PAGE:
It will eliminate digital illiteracy and connect students in the remotest college of India to the world
Samir Sachdeva | February 27, 2012
The low-cost computing device, Aakash has captured the imagination of the nation. While the nation seems divided its success or failure, the global community is keenly looking forward to this information and communications technology (ICT) revolution in education happening in India.
Aakash is not the first low-cost computing device (so there is no invention per se). The Simputer, which was first released in 2002 was then said to be a low-cost alternative to personal computers. The idea of providing a laptop to all students is also not new as the one laptop per child association (OLPCA) and trust (OLPCT) had been propagating the same since a few years.
Despite all the attention, Aakash is just one component of this metamorphism. There are as many as 48 components structured around building, 'e-content', enabling 'access' and developing 'low-cost computing device' as part of the national mission on education through ICT (NME-ICT).
Although Aakash is developed in India, it has components sourced from countries like South Korea, Taiwan, China and the United States. So it cannot be India's landmark innovation.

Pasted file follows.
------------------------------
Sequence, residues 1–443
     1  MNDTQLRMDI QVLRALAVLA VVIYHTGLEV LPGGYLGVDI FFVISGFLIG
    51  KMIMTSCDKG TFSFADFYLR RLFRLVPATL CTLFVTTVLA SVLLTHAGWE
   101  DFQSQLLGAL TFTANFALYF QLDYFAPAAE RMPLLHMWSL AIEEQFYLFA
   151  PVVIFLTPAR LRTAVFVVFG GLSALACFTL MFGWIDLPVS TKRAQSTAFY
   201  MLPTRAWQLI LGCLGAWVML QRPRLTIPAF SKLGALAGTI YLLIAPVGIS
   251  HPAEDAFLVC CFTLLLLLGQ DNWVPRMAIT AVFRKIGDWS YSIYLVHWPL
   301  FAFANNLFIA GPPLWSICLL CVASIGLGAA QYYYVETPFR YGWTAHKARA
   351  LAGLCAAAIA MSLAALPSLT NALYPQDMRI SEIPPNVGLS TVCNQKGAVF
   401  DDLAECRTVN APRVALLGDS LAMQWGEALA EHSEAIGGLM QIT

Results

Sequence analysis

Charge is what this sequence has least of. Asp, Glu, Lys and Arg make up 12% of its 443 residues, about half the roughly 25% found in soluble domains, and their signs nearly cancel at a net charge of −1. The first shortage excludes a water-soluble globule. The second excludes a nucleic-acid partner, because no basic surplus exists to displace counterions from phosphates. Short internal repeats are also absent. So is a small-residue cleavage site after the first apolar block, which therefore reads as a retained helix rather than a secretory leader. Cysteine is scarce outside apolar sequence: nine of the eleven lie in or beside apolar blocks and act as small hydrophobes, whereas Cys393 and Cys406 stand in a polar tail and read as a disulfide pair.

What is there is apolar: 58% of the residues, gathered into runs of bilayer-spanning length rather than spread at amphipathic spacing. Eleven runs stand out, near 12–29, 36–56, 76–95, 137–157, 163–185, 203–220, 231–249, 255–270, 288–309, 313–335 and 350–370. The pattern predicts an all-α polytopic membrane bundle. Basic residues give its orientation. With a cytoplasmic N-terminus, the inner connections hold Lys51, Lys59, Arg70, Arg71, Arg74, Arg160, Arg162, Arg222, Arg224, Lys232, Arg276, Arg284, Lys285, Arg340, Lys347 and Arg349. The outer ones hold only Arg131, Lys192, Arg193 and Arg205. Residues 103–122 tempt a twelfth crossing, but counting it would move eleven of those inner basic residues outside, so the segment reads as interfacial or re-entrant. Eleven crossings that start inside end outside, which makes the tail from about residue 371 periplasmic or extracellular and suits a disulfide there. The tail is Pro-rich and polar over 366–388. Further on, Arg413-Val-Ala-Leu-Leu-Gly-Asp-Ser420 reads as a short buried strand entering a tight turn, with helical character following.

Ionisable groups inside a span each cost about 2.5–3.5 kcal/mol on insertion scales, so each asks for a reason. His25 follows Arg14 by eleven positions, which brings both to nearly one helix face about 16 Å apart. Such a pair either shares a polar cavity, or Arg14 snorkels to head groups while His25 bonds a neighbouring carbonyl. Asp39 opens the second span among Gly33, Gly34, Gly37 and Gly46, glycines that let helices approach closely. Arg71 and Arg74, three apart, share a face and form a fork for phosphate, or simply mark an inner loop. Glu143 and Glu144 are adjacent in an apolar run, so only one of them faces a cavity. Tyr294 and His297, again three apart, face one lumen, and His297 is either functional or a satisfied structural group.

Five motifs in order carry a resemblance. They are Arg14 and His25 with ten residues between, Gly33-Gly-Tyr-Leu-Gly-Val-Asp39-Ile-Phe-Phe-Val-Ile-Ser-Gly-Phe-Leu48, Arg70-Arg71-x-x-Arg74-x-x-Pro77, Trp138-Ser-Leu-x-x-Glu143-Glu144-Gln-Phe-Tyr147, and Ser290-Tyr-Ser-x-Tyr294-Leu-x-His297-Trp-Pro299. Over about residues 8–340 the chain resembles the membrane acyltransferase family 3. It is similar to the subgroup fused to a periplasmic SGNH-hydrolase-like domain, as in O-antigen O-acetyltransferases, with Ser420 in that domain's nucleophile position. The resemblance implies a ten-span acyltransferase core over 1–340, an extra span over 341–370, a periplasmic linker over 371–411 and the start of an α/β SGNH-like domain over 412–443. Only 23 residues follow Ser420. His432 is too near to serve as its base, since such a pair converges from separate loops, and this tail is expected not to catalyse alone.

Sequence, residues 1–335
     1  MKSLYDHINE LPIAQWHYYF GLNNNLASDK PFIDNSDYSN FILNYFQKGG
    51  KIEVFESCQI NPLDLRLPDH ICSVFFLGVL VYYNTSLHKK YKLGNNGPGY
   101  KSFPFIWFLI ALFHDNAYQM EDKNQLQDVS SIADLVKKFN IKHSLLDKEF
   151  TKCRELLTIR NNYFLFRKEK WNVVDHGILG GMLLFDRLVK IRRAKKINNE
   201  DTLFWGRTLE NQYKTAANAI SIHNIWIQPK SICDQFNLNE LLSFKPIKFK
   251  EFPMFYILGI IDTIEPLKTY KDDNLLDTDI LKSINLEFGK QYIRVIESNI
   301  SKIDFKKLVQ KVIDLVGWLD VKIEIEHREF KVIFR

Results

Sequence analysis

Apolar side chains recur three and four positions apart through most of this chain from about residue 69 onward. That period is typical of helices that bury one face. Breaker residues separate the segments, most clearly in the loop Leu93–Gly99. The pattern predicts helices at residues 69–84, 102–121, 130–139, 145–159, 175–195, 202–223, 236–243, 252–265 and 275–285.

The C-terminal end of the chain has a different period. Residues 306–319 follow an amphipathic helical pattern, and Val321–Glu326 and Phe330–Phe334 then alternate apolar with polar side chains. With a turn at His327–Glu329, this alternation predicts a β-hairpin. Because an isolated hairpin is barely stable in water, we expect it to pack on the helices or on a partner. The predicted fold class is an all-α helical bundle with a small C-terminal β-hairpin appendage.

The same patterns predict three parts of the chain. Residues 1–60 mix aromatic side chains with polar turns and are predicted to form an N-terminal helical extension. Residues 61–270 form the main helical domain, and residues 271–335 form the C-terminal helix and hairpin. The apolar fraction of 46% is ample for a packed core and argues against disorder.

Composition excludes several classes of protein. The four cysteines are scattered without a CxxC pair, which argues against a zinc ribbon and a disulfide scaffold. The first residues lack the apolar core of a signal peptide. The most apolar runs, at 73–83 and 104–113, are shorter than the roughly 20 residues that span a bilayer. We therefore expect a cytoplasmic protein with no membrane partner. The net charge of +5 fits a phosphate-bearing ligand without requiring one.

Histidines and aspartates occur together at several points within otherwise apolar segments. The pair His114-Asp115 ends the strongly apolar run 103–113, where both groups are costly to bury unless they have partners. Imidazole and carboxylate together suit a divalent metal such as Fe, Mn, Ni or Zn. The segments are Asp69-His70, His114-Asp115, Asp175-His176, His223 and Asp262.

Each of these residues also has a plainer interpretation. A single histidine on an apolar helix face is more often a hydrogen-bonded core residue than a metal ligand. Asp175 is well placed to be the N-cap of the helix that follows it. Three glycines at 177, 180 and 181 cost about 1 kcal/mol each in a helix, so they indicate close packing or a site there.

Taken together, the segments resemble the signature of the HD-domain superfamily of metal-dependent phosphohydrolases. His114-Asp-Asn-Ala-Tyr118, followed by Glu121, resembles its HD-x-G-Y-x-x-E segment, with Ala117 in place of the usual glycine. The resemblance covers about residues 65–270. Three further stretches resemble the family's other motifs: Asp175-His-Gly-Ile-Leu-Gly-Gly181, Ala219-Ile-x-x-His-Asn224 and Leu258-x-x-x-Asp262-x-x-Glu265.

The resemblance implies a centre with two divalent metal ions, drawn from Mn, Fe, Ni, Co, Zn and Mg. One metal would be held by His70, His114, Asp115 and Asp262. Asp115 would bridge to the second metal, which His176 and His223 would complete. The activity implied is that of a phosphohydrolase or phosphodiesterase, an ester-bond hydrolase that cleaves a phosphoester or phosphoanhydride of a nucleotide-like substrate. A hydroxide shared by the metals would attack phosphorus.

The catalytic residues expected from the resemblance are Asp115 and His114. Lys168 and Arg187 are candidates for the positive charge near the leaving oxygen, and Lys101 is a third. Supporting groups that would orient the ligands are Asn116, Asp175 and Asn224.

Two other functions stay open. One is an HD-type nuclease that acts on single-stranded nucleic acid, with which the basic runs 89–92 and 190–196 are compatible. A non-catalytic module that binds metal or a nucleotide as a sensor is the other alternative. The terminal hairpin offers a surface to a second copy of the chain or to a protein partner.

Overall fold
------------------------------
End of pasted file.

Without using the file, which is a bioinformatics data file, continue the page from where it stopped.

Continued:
The bigger and silent revolution which is happening is about connecting various institutions across the country. Each university in India will get a minimum of one Gpbs connectivity as part of the national knowledge network. These universities will get a local area network (LAN) of 400 nodes under NME-ICT. Each college under the system will get connected.
So the focus of this time is that government is investing on the ecosystem that will enable education through ICT. It is investing equally on building e-content, connectivity and the enabling device. The success of Aakash will rest in the fact that 22 million population of students and teachers in India will be able to access content through the device.
The device has all capabilities like wi-fi, e-book reader, and video steaming required by a student. Though there are some issues as indicated after the pilot run, they will be addressed soon. The fact is that the device and the ecosystem being created with it will help in eliminating digital illiteracy, make available high quality study content and connect students in the remotest college of India to the world. The portable device which will work on battery backup will no longer face challenges of uninterrupted power supply. It will help in doing away with complains of lack of infrastructure or requisite faculty.
Contents created under the mission is accessible to all. It will be built on open source software and can be shared freely.
So, it is not the low cost of a computing device which is the distinguishing feature but the effort to leverage the potential of ICT in providing personalised and interactive education which is important. By nurturing the knowledge and skills of students in colleges, the initiative can make India a true knowledge hub.
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